Success is all but guaranteed in an ecosystem which now presents an abundance of opportunities. Here are some ways startups and SMEs can increase their chances of success.
Today, startups and small and medium-sized enterprises (SMEs) are being established all across the world at a rapid pace. Any industry or field you can imagine, and even the one you couldn't have thought of, are fielding increasing competition from a number of startups and SMEs. That alone, would give you an idea of just how intense the competition is when it comes to such ventures and their ability to succeed. And then there's also the consideration of the economic climate, which, more often than not, further adds to the challenge of attaining success for startups and SMEs, no matter what industry or market they may have forayed into.
In spite of the myriad challenges, the fact remains that being a part of this community is a galvanising prospect, especially when you consider the mind-boggling innovations being continuously ushered in.
What further adds to the excitement in this ecosystem is the government's support in the form of a vast range of schemes under the ambit of the Startup India plan. Suffice it to say that there's not only much scope but also support for those venturing into the world of startups and SMEs. This may lead you to think that success is all but guaranteed in an ecosystem that presents not only an abundance of opportunities, but also assistance. While these factors are vital for success, there are a handful of other factors as well that play an equally important role in propelling a startup/SME towards success. Here are some ways startups and SMEs can increase their chances of success:
While this one is ideally a no-brainer, a large number of startups can end up ignoring the importance of creating a niche for their product and/or service. So, if you find yourself heading down that path too, take a moment to step back. And then make sure you put in place the requisite measures for establishing your identity such as digital presence, collaterals, the logo, etc. Startups and SMEs should make sure that these factors conform to their respective brand's essence in all aspects. For instance, Mumbai-based venture The Sole Sisters is exclusively dedicated to women who love shoes. Shoe lovers can simply post the picture of their shoes and post it on Facebook or Instagram page of The Sole Sisters to let others know where they bought it from and at what price. It also creates custom pieces using Indian craft and fabrics. Their point of sale is Facebook and Instagram as well as lifestyle stores Good Earth and Ogaan.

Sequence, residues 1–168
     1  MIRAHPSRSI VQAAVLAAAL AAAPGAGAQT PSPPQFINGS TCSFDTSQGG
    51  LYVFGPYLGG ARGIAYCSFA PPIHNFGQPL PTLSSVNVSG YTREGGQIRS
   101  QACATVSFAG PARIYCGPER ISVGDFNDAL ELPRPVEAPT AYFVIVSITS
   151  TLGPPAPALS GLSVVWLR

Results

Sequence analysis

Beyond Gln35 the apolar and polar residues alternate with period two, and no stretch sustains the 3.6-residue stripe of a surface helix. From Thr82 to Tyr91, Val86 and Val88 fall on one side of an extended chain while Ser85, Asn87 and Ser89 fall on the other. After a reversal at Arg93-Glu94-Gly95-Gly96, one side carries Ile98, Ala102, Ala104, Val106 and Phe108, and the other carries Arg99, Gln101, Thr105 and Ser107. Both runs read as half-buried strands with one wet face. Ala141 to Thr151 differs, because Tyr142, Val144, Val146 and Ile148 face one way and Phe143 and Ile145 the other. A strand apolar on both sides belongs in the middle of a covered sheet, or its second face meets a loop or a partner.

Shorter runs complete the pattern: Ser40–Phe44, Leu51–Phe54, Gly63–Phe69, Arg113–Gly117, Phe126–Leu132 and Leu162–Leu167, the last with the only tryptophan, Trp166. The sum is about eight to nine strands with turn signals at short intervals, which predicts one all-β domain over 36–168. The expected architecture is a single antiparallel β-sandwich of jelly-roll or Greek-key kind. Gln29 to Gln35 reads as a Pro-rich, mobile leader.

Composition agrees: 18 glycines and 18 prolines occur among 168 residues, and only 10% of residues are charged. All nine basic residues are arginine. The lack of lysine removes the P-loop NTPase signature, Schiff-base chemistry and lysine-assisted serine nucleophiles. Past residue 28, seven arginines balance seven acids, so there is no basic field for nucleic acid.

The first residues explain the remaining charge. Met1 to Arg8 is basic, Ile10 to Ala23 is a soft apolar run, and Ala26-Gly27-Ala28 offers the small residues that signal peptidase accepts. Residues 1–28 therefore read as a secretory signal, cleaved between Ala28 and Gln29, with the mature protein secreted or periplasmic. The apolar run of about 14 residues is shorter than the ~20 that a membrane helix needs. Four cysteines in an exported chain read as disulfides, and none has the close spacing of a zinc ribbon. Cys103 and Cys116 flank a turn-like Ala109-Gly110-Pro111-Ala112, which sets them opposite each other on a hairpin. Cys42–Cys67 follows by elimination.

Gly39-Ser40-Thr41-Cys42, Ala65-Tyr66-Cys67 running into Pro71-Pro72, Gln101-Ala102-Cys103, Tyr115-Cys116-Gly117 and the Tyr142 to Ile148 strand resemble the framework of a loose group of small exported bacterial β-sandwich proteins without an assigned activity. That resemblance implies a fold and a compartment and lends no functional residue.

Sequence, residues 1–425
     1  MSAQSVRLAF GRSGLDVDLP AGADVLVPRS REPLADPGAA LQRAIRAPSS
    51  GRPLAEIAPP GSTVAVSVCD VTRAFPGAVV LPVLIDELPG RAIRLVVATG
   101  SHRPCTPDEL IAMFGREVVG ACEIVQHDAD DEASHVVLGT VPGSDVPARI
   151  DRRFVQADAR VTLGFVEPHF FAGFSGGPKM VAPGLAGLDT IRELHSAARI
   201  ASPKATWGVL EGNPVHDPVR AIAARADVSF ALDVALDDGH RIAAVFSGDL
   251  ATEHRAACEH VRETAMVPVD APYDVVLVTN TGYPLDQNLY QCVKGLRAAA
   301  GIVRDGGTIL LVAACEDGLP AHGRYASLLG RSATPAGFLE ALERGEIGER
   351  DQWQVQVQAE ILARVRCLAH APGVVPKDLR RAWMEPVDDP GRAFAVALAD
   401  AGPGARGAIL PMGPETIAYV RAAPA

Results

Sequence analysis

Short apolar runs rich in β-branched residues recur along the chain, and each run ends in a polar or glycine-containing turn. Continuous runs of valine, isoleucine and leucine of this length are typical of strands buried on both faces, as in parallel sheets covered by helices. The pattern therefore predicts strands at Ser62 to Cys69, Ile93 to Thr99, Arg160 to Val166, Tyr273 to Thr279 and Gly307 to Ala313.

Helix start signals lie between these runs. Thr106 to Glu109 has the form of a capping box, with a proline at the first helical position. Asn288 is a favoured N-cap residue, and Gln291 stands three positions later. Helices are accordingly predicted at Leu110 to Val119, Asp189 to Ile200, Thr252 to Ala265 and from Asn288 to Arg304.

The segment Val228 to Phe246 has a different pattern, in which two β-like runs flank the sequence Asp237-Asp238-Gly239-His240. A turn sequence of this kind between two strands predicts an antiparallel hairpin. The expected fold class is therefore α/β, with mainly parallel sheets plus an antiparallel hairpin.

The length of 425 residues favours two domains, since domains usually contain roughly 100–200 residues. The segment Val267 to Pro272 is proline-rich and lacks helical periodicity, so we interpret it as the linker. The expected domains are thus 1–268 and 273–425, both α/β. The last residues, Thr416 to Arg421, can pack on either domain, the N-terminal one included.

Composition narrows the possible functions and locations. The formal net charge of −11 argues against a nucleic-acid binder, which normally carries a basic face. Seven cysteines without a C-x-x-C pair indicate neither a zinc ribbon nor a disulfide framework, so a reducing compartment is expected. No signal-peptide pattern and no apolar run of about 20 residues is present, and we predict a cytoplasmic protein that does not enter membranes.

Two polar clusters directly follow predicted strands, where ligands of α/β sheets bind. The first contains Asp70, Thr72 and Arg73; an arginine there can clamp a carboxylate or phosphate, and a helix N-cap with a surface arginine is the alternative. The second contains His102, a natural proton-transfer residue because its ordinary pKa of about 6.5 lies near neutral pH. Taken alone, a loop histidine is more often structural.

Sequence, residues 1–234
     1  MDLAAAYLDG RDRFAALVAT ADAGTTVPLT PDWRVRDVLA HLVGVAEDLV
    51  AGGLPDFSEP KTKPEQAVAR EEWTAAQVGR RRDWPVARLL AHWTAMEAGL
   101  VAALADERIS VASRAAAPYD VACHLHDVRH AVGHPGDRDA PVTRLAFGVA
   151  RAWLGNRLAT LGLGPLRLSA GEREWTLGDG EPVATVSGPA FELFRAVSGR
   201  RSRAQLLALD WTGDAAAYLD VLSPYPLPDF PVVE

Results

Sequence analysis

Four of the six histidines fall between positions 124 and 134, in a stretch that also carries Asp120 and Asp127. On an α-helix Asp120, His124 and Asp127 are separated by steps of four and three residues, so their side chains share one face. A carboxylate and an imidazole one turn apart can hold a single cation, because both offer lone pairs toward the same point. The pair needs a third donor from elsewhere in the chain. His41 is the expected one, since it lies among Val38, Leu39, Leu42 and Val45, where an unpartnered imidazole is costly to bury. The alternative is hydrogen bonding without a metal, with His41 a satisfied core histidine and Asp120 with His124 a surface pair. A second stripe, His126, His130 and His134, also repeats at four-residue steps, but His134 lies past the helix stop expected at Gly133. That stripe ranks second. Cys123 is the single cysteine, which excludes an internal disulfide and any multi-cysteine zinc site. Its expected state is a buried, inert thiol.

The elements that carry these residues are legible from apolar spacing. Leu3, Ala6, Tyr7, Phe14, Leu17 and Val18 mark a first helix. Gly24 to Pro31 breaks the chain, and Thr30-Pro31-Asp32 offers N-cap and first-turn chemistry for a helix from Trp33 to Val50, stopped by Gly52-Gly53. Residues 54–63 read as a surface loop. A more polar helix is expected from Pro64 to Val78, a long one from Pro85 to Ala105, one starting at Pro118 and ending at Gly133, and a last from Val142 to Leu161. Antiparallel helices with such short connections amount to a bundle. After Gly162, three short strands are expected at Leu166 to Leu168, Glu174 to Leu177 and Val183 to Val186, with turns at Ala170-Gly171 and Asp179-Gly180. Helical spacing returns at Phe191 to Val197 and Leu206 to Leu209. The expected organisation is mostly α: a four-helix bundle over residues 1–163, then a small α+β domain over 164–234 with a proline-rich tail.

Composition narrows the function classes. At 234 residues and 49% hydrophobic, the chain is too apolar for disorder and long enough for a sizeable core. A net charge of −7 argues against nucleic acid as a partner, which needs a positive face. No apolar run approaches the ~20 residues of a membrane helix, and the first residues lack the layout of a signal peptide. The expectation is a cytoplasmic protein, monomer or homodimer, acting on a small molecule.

The market and demand is crucial, no matter what product or service the company may be developing. However, companies may need to adapt their validation process if they are striving to introduce a rather different offering in the market. Hence, startups and SMEs must not only focus on research while trying to ascertain a market fit, but also work on identifying the customers' pain points i.e. what they are missing and what works for them. For example, before launching the online healthcare platform Practo, its Founder Shashank ND spoke to doctors and other people from medical fraternity to find out whether its product will find acceptance. Gradually, he built a sustainable and competitive model based on the feedback from market research. And, as they say, rest is history!